President signs STOCK Act delay for senior execs

Bill cosponsor Chris Van Hollen, D-Md., said, "This good government measure will give Congress the time to pursue its important transparency and accountability objectives." Bill cosponsor Chris Van Hollen, D-Md., said, "This good government measure will give Congress the time to pursue its important transparency and accountability objectives." AP photo

This story has been updated.

President Obama on Friday signed into law legislation that further delays the online posting of senior executives’ personal finances.

The House passed the bill earlier Friday, approving it by unanimous consent during a brief pro forma session. S. 3625, which the Senate passed last Saturday, delays until Dec. 8 the online posting requirement for thousands of high-ranking career employees subject to the Stop Trading on Congressional Knowledge Act.

The delay does not affect the public financial disclosure requirement for the president, vice president, lawmakers, congressional candidates and political appointees. The deadline for those officials is Sept. 30. The Senior Executives Association praised Congress for approving the delay, but said it was not a long-term fix; the organization will work with Washington-area lawmakers, including Democratic Reps. Chris Van Hollen of Maryland and Jim Moran of Virginia, “to craft a permanent solution to the Internet posting requirement.”

The STOCK Act, designed to combat insider trading in government, requires lawmakers, congressional staffers and thousands of executive branch employees to submit their personal financial details to an online, searchable public database. Proponents of the law cite the importance of transparency to deter nefarious behavior, but many oppose including the finances of federal career executives in the online database. Those disclosures also would affect the spouses of federal employees, regardless of where they work. High-ranking government personnel currently file financial disclosure forms to the Office of Government Ethics; they are available to the public upon written request.

“As a co-sponsor of the STOCK Act, I can tell you that the original legislation was intended to prohibit insider trading by members of Congress -- not jeopardize the private financial information of rank-and-file federal employees already subject to strict oversight and conflict of interest laws,” said Van Hollen, who supported the online posting delay. “This good government measure will give Congress the time to pursue its important transparency and accountability objectives without endangering the security of Americans serving overseas or subjecting hardworking public servants to the risk of identity theft.”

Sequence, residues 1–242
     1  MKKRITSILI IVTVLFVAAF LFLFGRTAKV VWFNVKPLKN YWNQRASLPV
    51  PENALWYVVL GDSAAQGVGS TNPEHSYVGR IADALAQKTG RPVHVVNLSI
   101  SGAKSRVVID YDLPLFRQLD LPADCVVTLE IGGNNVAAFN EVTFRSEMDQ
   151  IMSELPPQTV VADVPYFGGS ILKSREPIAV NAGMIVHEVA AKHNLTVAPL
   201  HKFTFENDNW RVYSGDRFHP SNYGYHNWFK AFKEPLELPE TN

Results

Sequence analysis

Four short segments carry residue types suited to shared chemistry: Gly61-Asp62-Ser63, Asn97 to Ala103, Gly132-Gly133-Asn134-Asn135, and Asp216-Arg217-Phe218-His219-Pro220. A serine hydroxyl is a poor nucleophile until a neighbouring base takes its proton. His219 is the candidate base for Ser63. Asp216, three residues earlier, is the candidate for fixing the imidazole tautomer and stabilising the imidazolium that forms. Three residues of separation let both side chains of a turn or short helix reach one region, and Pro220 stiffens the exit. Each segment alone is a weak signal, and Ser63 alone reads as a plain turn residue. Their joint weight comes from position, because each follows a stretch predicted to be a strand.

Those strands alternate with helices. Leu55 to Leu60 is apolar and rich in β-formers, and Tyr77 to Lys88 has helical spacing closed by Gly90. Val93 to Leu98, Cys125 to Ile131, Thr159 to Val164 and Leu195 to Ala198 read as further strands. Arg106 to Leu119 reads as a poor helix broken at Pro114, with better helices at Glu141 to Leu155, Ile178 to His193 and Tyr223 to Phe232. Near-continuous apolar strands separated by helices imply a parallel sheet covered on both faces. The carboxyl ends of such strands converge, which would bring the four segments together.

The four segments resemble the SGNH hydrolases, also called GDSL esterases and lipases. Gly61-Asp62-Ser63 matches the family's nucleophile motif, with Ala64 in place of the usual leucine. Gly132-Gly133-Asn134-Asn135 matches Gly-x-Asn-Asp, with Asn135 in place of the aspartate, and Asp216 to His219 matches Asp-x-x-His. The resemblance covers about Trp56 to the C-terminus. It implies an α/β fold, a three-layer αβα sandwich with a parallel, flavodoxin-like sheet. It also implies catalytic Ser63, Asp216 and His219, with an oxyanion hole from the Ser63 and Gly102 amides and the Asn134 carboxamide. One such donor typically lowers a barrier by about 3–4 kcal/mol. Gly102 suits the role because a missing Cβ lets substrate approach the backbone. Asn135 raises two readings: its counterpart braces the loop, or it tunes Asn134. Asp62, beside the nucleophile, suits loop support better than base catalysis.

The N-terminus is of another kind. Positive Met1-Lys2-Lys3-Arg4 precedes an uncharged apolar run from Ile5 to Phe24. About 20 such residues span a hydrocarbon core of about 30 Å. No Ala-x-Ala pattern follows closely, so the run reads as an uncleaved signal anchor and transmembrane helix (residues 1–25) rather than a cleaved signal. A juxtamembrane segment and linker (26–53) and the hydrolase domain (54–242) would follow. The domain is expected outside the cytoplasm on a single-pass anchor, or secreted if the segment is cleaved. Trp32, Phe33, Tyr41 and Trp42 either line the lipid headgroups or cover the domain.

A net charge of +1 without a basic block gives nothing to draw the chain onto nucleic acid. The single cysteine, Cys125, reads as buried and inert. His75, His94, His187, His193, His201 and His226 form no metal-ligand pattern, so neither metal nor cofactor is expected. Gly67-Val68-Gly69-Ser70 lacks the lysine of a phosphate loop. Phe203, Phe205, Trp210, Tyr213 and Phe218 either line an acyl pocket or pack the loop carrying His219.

Under pressure from several groups over the STOCK Act, Congress already had pushed back the deadline from Aug. 31 to Sept. 30 for federal executives and others covered by the law to provide personal financial information for the public database. Earlier this month, a federal district court judge, issued a temporary preliminary injunction delaying enforcement of the STOCK Act until Oct. 31.

“Federal employees oversee critical programs that entail serving and traveling in combat zones and unstable countries,” SEA President Carol A. Bonosaro said in a statement. “Employees affected by the Internet posting requirement also handle sensitive financial, policy, program and judicial matters. This law puts them in danger personally and professionally.”

The bill also directs the Office of Personnel Management to work with the National Academy of Public Administration to study the issues raised by the public disclosure of career employees’ finances and report to Congress with recommendations six months after the legislation is enacted.

“I am confident that the National Academy study will show that this policy is unnecessary and potentially very harmful,” Moran said. “Congress now has the time necessary to move forward with a permanent fix to safeguard our federal employees’ personal information.”

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